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Stylus Counsel | Area Resident’s Records

Track 19 | The Name Game.

One of my partner’s cool stories about her time as a blogger involves when she was asked to do a movie review of Twilight and she deliberately — jokingly — reviewed the 1998 Gene Hackman film instead and couldn’t understand why emo teens loved it so much.

A friend of mine, while working as an entertainment writer in Whistler, did an advance piece about David Wilcox coming to town — except she talked about the American folkie, not the Canadian blues legend who was actually booked. Unfortunately, that wasn’t on purpose.

I nearly made a similar mistake when adding to my record collection recently. Having become a fan of the Australian psychedelic pop/rock/indie band Pond via a well-placed song in the Spotify “radio” of some other artist or song I liked, I decided I needed to get some of their stuff on vinyl. I went down to one of my favourite independent record shops and it turns out one of my dudes there is a fan and ordered me their new album 9 when it came out. When it arrived, I got very into it and went looking for more online, and bought two more: The Weather and Man It Feels Like Space Again. Both are excellent. I even managed to buy a Tame Impala record off a pal of mine, because both bands are from Perth, and some members are in both bands. Love that, too.

So, I went hunting for more Pond online and found a 1993 release on the Sub Pop label. I nearly bought it when it suddenly occurred to me — wait, these guys have been around 30 years? I didn’t realize Sub Pop had artists from that far afield. They don’t. Different Pond. The album I nearly bought was the debut self-titled LP by the Portland, Ore., alt/garage band. I listened to them, though — pretty good if you like that stuff. A little Mudhoneyish. Very ’90s but not too shiny.

Bands with the same or similar names are incredibly plentiful. I have two in my own collection — an album called Black Monk Time by the legendary German garage proto-punk ’60s band The Monks. I also have the spoofy 1979 album Bad Habits by the U.K. band The Monks. One is very authentic and the other is not. The U.K. Monks were formed by three members of The Strawbs. They were derided in Britain where punk was not to be made light of, but had a hit in Canada with Drugs In My Pocket. The German Monks were a group of five American soldiers stationed there who basically made the first punk record. It is loaded with incredible songs like Drunken Maria, I Hate You, and Shut Up.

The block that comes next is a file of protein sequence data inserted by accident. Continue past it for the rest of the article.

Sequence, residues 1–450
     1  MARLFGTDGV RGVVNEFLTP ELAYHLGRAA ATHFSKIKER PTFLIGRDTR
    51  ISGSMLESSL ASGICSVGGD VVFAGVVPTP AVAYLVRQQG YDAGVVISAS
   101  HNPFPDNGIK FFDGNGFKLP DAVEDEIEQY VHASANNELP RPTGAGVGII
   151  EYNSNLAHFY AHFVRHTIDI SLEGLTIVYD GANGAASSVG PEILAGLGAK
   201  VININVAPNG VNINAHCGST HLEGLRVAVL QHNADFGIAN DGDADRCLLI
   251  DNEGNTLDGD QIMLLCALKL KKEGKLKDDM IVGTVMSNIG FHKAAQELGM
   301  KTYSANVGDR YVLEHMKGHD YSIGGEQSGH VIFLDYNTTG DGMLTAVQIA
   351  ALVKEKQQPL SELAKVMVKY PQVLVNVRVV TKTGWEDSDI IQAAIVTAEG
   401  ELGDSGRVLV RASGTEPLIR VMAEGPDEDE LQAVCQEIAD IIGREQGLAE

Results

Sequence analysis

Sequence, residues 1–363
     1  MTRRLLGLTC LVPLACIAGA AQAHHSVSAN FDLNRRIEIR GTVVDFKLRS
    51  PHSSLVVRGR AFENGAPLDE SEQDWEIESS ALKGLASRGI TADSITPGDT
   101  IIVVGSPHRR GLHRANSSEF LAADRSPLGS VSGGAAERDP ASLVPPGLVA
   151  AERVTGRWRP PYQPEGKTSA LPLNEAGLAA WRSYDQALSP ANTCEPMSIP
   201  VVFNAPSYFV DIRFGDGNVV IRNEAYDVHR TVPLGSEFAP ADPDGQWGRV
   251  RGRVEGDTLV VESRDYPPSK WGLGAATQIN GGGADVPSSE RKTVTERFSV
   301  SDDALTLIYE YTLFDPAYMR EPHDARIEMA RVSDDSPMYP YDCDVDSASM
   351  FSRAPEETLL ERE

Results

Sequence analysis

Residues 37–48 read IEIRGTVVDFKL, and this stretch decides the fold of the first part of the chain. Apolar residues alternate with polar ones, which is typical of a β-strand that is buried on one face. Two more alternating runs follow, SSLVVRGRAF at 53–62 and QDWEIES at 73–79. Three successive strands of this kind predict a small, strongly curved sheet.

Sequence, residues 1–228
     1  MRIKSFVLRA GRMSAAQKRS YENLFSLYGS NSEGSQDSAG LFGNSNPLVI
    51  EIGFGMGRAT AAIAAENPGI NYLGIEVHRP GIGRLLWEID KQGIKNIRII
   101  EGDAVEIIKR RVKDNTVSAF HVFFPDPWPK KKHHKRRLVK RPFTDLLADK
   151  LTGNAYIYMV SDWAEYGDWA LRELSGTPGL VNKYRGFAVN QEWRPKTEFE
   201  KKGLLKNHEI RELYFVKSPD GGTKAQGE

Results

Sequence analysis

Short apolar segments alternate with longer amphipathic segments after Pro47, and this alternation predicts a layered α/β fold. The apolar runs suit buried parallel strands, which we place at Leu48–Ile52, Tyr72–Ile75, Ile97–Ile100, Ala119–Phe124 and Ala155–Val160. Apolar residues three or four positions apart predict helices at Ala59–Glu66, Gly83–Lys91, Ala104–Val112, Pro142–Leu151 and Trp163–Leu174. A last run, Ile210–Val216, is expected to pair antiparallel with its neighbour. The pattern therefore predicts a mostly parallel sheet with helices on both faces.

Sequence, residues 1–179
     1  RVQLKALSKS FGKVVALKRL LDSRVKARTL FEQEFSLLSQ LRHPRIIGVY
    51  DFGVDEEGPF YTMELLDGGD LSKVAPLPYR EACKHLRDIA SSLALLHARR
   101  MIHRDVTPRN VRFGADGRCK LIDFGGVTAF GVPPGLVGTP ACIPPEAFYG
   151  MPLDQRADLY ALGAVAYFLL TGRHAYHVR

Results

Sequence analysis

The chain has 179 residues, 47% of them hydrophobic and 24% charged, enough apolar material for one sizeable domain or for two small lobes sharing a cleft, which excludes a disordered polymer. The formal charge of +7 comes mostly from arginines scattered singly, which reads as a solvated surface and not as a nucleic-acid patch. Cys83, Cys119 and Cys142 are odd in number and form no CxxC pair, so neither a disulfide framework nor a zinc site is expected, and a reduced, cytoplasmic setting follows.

As I mentioned, multiple bands with the same name are quite common. Anyone who has ever had a band of their own knows this. Sometimes, bands will slightly alter or completely change the name if it eventually becomes a problem. In my own collection I have an album by The Charlatans, who were forced to add “UK” to the end of their name when touring on this continent due to another American band with the same name. Same goes for The Mission and The Mission UK. I also have an album by The Beat, except my copy is by The English Beat, as they were known here. Just like The Charlatans, so as not to be confused with the same-named U.S. band.

I don’t own any Raconteurs albums, but I know they’re known as the Saboteurs in Australia. As the story goes, David Bowie changed his name from David Jones due to the popularity of The Monkees. Indie legends Dinosaur Jr. (Can’t wait for the new documentary!) were initially known as Dinosaur, but after their second album You’re Living All Over Me, they had to change it because of a lawsuit launched by The Dinosaurs — a supergroup made up of members of Big Brother & the Holding Company, Quicksilver Messenger Service, Hot Tuna, The Grateful Dead, Country Joe & The Fish and Jefferson Airplane. And Canadian electronic musician Dan Snaith opted to change his pseudonym from Manitoba to Caribou after being threatened with a lawsuit by Dictators singer Handsome Dick Manitoba.

The British pop duo Yazoo are known as Yaz in North America. But, not to be confused with American rapper/actor Yazz, or the English pop singer Yazz. I’m sure some teens have had birthday gifts from well-intentioned parents or grandparents go wrong in this way. Maybe getting a record by The Guess Who instead of The Who, or an autograph from the lead singer of Erasure instead of the bass player of Oasis. There are even bands with names shared by four or more acts: Burial, Pure, Ocean, Brainstorm (5!), Ghost, Clouds (6!), Legend and Virus.

Needless to say, if you’re an act or in a band that’s trying to make a go of it — pick a name that’s not already in use. Especially if you intend to trademark it, or even just put music on an online streaming service.

There is, obviously, a band called The Residents — and multiple ones called Area — but I’m the only Area Resident out there, or at least the only one making music. There are plenty of others embroiled in community newspaper headlines. Enjoy this namesake playlist!

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Area Resident is an Ottawa-based journalist, recording artist, music collector and re-seller. Hear (and buy) his music on Bandcamp, email him HERE, follow him on Instagram and check him out on Discogs.